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Skip to 0 minutes and 14 seconds SPEAKER 1: This graph enables us to think about how the level of changes in achievement compared to normal cells or mutations varies across different humans and different patients. Each patient is represented by a dot, with increasing levels of changes plotted higher up the curve. Patients have been grouped according to tumour, with the tumours arranged left-to-right, in order of increasing levels of changes. In the previous video, we mentioned that checkpoint blockade is able to unleash responses to mutated bits of the tumour. Here, we would like you to consider four questions. Firstly, checkpoint blockade has being relatively successful in melanoma, a type of skin cancer, and also in lung cancer, both highlighted in green towards the right-hand side of the plot.

Skip to 1 minute and 2 seconds Does this fit with our idea that, in these tumours, this therapy works because it unleashes responses to changed or mutated targets?

Skip to 1 minute and 15 seconds Secondly, in contrast, checkpoint blockade has been relatively unsuccessful in prostate cancer, highlighted here in red in the middle of the plot. Why do you think this might be the case?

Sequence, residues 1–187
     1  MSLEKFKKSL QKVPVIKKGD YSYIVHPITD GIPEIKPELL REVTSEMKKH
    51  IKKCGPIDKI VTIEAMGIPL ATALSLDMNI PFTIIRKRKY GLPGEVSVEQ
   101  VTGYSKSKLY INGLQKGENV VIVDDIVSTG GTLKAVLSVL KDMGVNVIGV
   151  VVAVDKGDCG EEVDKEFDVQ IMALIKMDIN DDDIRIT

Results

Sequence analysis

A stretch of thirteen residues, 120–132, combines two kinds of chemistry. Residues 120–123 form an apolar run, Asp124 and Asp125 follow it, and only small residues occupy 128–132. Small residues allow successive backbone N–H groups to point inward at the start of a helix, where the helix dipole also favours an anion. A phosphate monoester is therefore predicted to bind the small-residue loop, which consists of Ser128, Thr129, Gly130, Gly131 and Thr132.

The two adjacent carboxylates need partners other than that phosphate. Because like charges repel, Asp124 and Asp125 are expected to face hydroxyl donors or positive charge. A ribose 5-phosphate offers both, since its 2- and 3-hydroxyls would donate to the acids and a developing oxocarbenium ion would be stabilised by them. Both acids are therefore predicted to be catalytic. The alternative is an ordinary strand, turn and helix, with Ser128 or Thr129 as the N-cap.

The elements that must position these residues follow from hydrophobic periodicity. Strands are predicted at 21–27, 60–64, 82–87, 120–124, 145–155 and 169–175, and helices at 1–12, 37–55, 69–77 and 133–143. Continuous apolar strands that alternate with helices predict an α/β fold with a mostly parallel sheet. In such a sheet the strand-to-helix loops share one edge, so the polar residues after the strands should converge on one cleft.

Skip to 1 minute and 36 seconds Thirdly, what do you notice about the differences between different patients– different dots– within a particular tumour type? As an example, look at colorectal cancer, highlighted here. In this patient group, some patients respond– shown in green– and others tend not to, shown in red. How can you explain the different responses? Could differences in the level of changed or mutated targets explain why some people respond to checkpoint blockade?

Skip to 2 minutes and 11 seconds Finally, choose a different tumour and have a think whether this therapy is likely to work. For example, stomach cancer, head and neck cancer, renal cancer, liver cancer, or brain cancer– such as glioma or glioblastoma.

How does mutation in a tumour affect the success of checkpoint blockade therapy?

Watch the video presented by Professor Ben Willcox. As you watch, consider how the level of changes or mutations in a particular tumour can affect the response of a patient to checkpoint blockade therapy.

The questions in the video are included in the discussion Step 3.9, where you can post your answers and/or comments to compare your thoughts with other learners.

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This video is from the free online course:

Cancer Immunotherapy: a Step Change in Cancer Treatment

University of Birmingham